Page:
In 1940 to 1942, the RCMP supply vessel, St. Roch, made her historic voyage through the Northwest Passage.

During WWII, the RCMP was responsible for national security. This security remained in place from 1939 to 1945.

More changes in 1950 extended the provincial policing contracts to include Newfoundland and British Columbia. According to statistics, the only provinces in Canada today that aren't provincially policed by the RCMP, are Ontario and Quebec. Though the RCMP usually let the Ontario Provincial Police handle all matters, they do have jurisdiction in all of Canada. 1950 brought another expansion to the RCMP. Security operations designated them a Special Branch, Directorate of Security and Intelligence followed in 1962, and Security Service in 1970. In 1984, a separate agency was created - the Canadian Security Intelligence Service. (CSIS)

In 1972, the Canadian Police Information Centre (CPIC) was established. With this, there was an expansion of duties that included VIP security, airport policing, economic crime and drug enforcement.

In September 1974, this all-male force took a big step forward. They began to recruit women as uniformed regular members. Today, women work in all divisions and departments of the RCMP.

During the 1990's, another expansion of police duties took place. RCMP were sent on special assignment to East Timor, Haiti, Kosovo, Namibia, Bosnia, Croatia, Guatemala and Western Sahara.

The military record of the RCMP covers many years. They covered the Northwest Rebellion in 1885, which included Dutch Lake, Fort Pitt, Cut Knife Hill and the pursuit of Big Bear.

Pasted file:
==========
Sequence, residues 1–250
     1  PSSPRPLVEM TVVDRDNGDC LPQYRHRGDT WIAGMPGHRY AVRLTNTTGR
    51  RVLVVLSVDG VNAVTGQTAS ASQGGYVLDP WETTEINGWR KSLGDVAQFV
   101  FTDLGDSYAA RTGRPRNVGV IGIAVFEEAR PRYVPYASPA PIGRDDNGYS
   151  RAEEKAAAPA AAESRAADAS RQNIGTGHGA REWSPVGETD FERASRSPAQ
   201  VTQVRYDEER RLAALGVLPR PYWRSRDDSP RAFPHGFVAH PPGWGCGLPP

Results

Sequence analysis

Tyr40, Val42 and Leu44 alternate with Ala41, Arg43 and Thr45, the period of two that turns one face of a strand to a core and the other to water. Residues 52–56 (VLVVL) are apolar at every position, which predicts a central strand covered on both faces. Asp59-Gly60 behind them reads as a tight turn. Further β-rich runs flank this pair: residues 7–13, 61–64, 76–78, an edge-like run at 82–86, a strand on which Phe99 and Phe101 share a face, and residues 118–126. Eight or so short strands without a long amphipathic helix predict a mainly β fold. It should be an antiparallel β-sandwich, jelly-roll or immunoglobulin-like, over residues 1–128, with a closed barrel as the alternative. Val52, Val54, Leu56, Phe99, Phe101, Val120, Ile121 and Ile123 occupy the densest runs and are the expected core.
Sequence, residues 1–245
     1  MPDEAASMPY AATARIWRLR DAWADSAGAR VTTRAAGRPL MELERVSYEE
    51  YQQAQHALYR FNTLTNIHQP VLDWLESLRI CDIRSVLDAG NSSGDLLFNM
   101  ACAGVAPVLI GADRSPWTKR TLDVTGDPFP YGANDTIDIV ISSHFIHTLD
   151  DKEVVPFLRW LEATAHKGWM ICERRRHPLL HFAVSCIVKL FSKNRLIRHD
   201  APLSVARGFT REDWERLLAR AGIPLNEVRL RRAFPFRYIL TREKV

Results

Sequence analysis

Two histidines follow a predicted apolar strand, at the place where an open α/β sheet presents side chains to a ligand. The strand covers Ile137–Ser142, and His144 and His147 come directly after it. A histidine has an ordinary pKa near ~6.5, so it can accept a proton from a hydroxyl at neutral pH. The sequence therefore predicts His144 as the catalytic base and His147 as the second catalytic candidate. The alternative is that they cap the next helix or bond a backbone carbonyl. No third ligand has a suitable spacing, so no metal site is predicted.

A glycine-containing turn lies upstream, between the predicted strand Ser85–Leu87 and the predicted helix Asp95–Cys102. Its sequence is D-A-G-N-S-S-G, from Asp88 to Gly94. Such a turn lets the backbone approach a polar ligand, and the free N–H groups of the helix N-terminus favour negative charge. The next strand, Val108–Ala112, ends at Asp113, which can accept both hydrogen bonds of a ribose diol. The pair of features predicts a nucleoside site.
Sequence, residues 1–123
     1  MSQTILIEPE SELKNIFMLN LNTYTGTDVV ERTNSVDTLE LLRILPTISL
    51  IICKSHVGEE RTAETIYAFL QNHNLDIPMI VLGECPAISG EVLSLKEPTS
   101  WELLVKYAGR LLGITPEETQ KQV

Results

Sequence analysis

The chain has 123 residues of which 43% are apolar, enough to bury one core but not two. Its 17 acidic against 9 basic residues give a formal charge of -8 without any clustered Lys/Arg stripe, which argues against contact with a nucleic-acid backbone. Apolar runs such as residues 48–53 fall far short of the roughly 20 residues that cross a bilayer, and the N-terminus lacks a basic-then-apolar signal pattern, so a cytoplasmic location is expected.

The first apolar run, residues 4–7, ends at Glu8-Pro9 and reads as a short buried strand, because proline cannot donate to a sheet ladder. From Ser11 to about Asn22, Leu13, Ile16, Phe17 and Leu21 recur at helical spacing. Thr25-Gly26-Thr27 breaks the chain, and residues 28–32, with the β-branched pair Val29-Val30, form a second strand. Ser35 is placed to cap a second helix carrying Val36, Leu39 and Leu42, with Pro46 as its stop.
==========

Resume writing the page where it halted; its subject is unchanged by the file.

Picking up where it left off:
From 1889 to 1902, the RCMP took part in the South African War. Members represented the Force in the 2nd Canadian Mounted Rifles and Lord Strathcona's Horse. In all, over 250 men served in the Canadian contingents and the South African Constabulary.

During WWI (1914 to 1918) cavalry squadrons provided services overseas. "A" Squadron covered Belgium, France and England while "B" Squadron covered Siberia.

WWII (1939 to 1945) saw RCMP Air and Marine Section personnel transferred to Royal Canadian Air Force and the Royal Canadian Navy in 1939. The No. 1 Provost Company was created at this time for military duties overseas.

Canada is proud of her elite police force The Royal Canadian Mounted Police, and so she should be. Since 1874, this organization has enforced the laws of the land and protected Canada's best interests in time of world upheaval and war.

Today, the RCMP is still a symbol of the Canadian nation. The Royal Canadian Mounted Police's Musical Ride is a site to behold. A few years ago, the first woman was allowed to ride in this prestigious tradition.

This column is not only a historical account of the RCMP, but a tribute to all who have served within its ranks from the early days of 1974, to the present. Without them, Canada would be a much different country in which to live.

The unofficial motto of the RCMP is: "A Mountie Always Gets His Man." This originates from the days when the Northwest Mounted Police pursued criminals relentlessly, sometimes traveling for weeks or months through the harsh weather of Canada's Arctic to bring them back to justice. Today, men and women of the RCMP do their best to track down criminals. They even post photos and information of "Most Wanted by the RCMP" on their website.